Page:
Trace element partitioning between mica- and amphibole-bearing garnet lherzolite and hydrous basanitic melt: 1. Experimental results and the investigation of controls on partitioning behaviour
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- Adam, J. & Green, T. Contrib Mineral Petrol (2006) 152: 1. doi:10.1007/s00410-006-0085-4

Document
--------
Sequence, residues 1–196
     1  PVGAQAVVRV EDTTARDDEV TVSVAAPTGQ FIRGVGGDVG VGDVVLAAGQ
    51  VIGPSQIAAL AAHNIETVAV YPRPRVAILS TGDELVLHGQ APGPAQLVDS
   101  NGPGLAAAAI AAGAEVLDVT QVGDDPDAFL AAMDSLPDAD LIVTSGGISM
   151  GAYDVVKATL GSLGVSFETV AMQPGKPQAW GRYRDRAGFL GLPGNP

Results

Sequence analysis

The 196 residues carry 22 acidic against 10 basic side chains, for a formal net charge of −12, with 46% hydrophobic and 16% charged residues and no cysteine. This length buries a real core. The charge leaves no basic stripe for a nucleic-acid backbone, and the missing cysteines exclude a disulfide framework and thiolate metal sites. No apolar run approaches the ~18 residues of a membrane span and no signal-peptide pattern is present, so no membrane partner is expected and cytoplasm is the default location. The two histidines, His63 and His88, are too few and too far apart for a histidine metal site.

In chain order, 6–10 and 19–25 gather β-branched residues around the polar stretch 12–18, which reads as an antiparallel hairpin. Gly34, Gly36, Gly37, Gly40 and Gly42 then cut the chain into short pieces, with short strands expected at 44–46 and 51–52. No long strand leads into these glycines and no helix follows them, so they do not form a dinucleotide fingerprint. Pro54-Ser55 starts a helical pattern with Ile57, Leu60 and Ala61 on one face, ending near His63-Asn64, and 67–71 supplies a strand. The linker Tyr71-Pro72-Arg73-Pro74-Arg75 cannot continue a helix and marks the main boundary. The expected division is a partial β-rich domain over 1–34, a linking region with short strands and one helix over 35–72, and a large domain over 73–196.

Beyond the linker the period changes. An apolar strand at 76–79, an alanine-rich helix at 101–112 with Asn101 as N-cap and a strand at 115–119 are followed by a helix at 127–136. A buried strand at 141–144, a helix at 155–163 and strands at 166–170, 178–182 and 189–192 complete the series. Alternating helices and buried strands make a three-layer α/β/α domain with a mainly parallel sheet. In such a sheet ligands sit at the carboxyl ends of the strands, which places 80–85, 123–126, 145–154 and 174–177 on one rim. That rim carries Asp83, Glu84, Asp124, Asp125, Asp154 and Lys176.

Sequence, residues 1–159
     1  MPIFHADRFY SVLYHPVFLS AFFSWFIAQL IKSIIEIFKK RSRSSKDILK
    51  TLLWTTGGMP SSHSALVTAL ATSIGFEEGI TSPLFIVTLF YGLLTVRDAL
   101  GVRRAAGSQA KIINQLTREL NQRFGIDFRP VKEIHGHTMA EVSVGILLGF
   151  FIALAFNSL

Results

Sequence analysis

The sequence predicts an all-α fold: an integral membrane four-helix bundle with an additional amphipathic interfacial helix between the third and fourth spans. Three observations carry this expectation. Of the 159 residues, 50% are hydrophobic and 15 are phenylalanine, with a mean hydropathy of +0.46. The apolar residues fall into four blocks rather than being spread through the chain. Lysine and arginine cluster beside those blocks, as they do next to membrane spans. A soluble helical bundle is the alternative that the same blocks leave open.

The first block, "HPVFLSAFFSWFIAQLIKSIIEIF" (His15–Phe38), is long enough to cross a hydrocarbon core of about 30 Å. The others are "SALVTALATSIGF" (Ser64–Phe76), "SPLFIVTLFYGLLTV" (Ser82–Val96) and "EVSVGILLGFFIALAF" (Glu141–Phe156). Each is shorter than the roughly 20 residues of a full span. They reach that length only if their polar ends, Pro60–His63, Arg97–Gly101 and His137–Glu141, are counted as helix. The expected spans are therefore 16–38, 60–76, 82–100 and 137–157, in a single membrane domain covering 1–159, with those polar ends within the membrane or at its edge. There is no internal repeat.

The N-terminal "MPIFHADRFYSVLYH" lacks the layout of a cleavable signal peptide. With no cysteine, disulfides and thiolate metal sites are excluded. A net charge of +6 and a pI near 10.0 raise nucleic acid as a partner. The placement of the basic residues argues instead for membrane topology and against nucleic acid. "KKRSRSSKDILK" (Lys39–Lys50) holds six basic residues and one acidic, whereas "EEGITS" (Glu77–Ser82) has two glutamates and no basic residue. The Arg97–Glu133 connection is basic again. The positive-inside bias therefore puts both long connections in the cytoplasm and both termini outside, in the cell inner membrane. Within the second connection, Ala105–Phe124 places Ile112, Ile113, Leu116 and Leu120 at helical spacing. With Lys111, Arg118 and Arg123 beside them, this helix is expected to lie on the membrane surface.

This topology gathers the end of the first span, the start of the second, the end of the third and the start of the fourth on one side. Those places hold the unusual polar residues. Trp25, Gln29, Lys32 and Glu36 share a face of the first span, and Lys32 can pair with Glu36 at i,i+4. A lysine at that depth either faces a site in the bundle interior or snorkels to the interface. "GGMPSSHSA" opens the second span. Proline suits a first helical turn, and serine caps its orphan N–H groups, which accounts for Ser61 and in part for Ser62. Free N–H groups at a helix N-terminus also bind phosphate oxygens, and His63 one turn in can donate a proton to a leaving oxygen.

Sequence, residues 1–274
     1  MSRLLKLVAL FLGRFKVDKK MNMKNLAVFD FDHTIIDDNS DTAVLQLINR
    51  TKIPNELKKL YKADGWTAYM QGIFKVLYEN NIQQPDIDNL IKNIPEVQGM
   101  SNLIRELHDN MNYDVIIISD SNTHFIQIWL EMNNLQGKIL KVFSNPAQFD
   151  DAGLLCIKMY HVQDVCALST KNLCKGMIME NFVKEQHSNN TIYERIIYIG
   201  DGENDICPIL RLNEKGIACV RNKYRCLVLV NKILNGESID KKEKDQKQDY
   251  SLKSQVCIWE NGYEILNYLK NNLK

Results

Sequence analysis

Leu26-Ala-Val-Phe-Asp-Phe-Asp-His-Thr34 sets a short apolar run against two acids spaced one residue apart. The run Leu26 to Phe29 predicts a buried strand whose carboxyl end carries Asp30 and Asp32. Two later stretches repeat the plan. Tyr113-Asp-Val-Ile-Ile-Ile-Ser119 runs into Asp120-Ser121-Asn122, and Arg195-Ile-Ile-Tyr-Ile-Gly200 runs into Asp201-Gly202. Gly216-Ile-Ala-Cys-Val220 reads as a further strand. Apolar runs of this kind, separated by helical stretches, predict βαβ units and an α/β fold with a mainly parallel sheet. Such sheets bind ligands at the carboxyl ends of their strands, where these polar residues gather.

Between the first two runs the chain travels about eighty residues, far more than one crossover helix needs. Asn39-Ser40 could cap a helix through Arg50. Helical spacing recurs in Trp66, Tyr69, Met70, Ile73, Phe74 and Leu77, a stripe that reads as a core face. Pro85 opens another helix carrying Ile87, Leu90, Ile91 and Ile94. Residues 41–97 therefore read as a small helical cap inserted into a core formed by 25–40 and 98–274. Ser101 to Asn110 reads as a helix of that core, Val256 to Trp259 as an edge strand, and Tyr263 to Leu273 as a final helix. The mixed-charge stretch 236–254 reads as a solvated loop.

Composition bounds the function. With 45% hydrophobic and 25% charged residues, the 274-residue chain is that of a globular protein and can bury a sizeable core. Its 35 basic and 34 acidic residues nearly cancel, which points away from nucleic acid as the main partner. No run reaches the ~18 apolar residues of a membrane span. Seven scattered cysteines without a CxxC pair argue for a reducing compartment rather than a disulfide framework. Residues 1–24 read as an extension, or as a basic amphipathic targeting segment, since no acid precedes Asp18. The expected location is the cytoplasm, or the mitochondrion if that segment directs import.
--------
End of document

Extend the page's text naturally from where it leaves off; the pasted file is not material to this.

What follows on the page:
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Thirty five minor and trace elements (Li, Be, B, Sc, Cu, Zn, Ga, Ge, As, Rb, Nb, Mo, Ag, Cd, In, Sn, Sb, Cs, Ba, La, Ce, Nd, Sm, Tb, Ho, Tm, Lu, Hf, Ta, W, Tl, Pb, Bi, Th and U) in experimentally produced near-liquidus phases, from a primitive nelpheline basanite from Bow Hill in Tasmania (Australia), were analysed by LAM ICP-MS. A number of halogens (F, Cl and I) were also analysed by electron microprobe. The analyses were used to determine mineral/melt partition coefficients for mica, amphibole, garnet, clinopyroxene, orthopyroxene and olivine for conditions close to multiple saturation of the basanite liquidus with garnet lherzolite (approximately 2.6 GPa and 1,200°C with 7.5 wt% of added H2O). A broader range of conditions was also investigated from 1.0 GPa and 1,025°C to 3.5 GPa and 1,190°C with 5–10 wt% of added H2O. The scope and comprehensiveness of the data allow them to be used for two purposes, these include the following: an investigation of some of the controlling influences on partition coefficients; and the compilation of a set partition coefficients that are directly relevant to the formation of the Bow Hill basanite magma by partial melting of mantle peridotite. Considering clinopyroxene, the mineral phase for which the most data were obtained, systematic correlations were found between pressure and temperature, mineral composition, cation radius and valence, and ΔGcoulb (the coulombic potential energy produced by substituting a cation of mismatched valence into a crystallographic site). ΔGcoulb is distinctly different for different crystallographic sites, including the M2 and M1 sites in clinopyroxene. These differences can be modelled as a function of variations in optimum valence (expressed as 1 sigma standard deviations) within individual M1 and M2 site populations.